The Big Trip. Stockholm to Finland to Varna.

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Varna.
I will never forget the moment I peered through the hills approaching the Black Sea and saw my first glimpse. The heat was burning down and I had travelled 3,159 miles (5,083km) to get here. I rode down into Varna, Bulgaria’s beautiful coastal town, and stopped at a ‘private’ car park. No local currency again. The jovial car park attendant smiled and suggested I park by the gate at no charge. He would keep an eye on the bike for me. I rewarded him as I usually do on these occasions with a warm handshake, lots of smiles and expressions of gratitude galore. Genuine ones too. I’m truly grateful when people are kind. I’ve found that in general, the poorer the country – in Europe at least – the less mean the people. It was Mother Theresa of Calcutta who once commented that the more we have the less we can give. Within 48 hours I was to have many expressions of kindness shown.
I found the town centre and walked down towards the Black Sea, framed by trees at the end of the tasteful shopping precinct of this respectable town.
The beach curved beautifully, revealing a beach full of bathers and sunbathers who were, in turn, curved beautifully. This is Bulgaria’s high season with people coming from all over Bulgaria to this limited Black Sea coastline and everyone seemed determined to be as brown all over as possible. Not a hint of the smell of sun-tan cream either. I prevailed upon a couple of other tourists to take my picture standing in the sea, and retreated to a restaurant for something to eat. This is a good place to be, I thought, perfect for a day or so to rest. I returned to my bike and as I did so passed a gentleman overseeing the removal of a tree from his roof – the result of the previous nights storm. Did he know of anywhere I could stay that was reasonably priced? Yes, with him, at his small hotel just round the corner! I did, and relaxed for a couple of days.

Relaxed is a comparative word.  I found that I had run over a nail and the tyre was virtually flat. The kind hotel proprietor helped me find a guy to plug the tyre, carting me and the wheel across this dusty town at no charge – and I stayed an extra night.

But let’s backtrack for a bit. Stockholm a thousand miles north of Varna – the classic Scandinavian town, clean, tidy, well kept. And raining. I drove through it, a few times (none of these places are the size of a big UK town) and loved the neat architecture, etc.  I visited the Museum in the centre of the town and got a parking ticket. Ah, well. The museum left a memory of being a monument to guilt, with the Swedes repenting of their racist treatment of the Sami people in the 19th and 20th centuries. It seems every nation has history it would rather forget. we’ve all treated people badly at some time or other haven’t we?   I slipped the ticket into a nearby bin (I’d not parked illegally as far as I could see and couldn’t read the Swedish instructions on it) and made my way towards the next ferry – from here to Turku on the west coast of Finland. This was as far north as I was I’m going to be on this trip.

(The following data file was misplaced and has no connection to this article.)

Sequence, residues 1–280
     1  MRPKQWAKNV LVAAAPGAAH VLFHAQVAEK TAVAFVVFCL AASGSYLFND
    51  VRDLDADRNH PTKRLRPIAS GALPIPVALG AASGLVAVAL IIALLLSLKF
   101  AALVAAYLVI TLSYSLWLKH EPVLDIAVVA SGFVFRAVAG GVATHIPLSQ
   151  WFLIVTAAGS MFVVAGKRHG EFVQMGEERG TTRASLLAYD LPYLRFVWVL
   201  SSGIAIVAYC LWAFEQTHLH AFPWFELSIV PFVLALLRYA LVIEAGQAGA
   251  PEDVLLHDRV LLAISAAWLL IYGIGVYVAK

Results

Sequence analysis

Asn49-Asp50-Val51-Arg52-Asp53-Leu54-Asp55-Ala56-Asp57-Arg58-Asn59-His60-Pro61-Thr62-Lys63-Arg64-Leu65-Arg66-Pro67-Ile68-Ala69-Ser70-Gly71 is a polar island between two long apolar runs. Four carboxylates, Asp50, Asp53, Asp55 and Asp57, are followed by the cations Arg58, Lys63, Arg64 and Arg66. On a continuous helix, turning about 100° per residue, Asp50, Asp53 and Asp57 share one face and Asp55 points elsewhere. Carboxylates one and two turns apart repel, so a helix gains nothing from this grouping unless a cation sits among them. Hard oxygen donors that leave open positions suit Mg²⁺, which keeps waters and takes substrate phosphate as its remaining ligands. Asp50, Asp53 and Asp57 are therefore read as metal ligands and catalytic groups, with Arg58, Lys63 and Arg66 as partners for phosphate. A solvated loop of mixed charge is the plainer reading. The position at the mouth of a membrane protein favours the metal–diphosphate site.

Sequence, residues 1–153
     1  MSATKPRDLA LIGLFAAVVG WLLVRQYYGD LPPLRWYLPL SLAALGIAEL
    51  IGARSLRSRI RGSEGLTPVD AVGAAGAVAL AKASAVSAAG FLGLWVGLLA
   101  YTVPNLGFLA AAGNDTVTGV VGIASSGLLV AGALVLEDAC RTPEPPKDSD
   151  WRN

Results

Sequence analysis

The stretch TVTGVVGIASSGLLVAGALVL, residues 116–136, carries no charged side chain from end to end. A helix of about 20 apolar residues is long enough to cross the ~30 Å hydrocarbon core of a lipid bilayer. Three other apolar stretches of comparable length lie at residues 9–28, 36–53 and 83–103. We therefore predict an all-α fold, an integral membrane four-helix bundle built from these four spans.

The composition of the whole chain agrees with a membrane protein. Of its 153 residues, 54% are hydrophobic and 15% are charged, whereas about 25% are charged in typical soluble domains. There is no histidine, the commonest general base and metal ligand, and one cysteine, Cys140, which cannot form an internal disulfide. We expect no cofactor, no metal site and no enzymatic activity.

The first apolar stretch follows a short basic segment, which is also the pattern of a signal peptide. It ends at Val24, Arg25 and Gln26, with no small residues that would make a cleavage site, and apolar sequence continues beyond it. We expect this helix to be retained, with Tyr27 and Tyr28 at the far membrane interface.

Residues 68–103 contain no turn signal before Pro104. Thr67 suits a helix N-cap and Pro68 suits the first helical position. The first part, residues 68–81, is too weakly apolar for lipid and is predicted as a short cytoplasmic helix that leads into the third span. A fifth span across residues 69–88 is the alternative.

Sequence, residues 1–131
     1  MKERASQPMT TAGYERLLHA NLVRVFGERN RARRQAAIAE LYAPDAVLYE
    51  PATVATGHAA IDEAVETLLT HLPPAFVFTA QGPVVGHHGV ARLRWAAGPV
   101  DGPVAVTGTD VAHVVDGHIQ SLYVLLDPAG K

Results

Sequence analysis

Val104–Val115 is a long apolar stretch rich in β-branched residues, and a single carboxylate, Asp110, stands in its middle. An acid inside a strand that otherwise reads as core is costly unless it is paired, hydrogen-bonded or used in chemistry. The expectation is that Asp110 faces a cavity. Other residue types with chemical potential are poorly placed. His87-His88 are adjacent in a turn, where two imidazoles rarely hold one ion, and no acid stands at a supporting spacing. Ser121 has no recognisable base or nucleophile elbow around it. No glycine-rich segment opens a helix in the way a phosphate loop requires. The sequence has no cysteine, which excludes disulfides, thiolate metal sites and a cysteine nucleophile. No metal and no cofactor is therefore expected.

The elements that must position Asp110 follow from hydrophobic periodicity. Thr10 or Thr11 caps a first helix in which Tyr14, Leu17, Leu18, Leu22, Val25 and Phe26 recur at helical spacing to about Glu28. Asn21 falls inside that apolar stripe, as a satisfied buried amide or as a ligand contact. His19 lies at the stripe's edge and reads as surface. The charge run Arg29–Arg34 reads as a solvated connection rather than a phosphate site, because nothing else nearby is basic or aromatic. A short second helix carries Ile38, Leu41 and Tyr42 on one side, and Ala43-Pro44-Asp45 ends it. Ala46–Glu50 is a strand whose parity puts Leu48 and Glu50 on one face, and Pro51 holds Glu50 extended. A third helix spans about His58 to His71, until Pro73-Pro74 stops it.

The less expensive ferry for Finland leaves Sweden from Kapellskar, 90 kilometres up the E18 and ploughs its way through myriad islands to Turku.  I rode through typically Swedish forest (pretty much like everybody else’s forest roads, gravel and millions of evergreen trees!) and arrived that afternoon to just miss the ferry. The next would be tomorrow morning, but the bonus was meeting Klaus and Heinzi, two Germans heading to Nord Kapp on ancient Heinkel(?)scooters.

Klaus(left), me, and Heinzi chatting bikes. They were heading north through Sweden and I was heading south via Helsinki.

These guys, like so many road travellers, were great. There is a sense of joy from such people.  They were camping in an official campsite.  I camped in the middle of a little square of grass on the ferry terminal, just outside Customs! Turned a few heads, but no one cared!

The next morning I spent an hour trying to get my ticket from three different offices at the terminal, and eventually made it onto the ferry for the cruise to Finland.

Turku was a quiet, dead town in the late evening. There were no obvious places to bed down, so I rode through the countryside to a ‘proper’ site some kilometres to the west, and set off the next morning – having witnessed a helicopter evacuation of an injured lady. Noisy!

A convenient, though slightly public little square of grass for my overnight stay in Kapellskar, Sweden, ready for the (very) early ferry to Turku!

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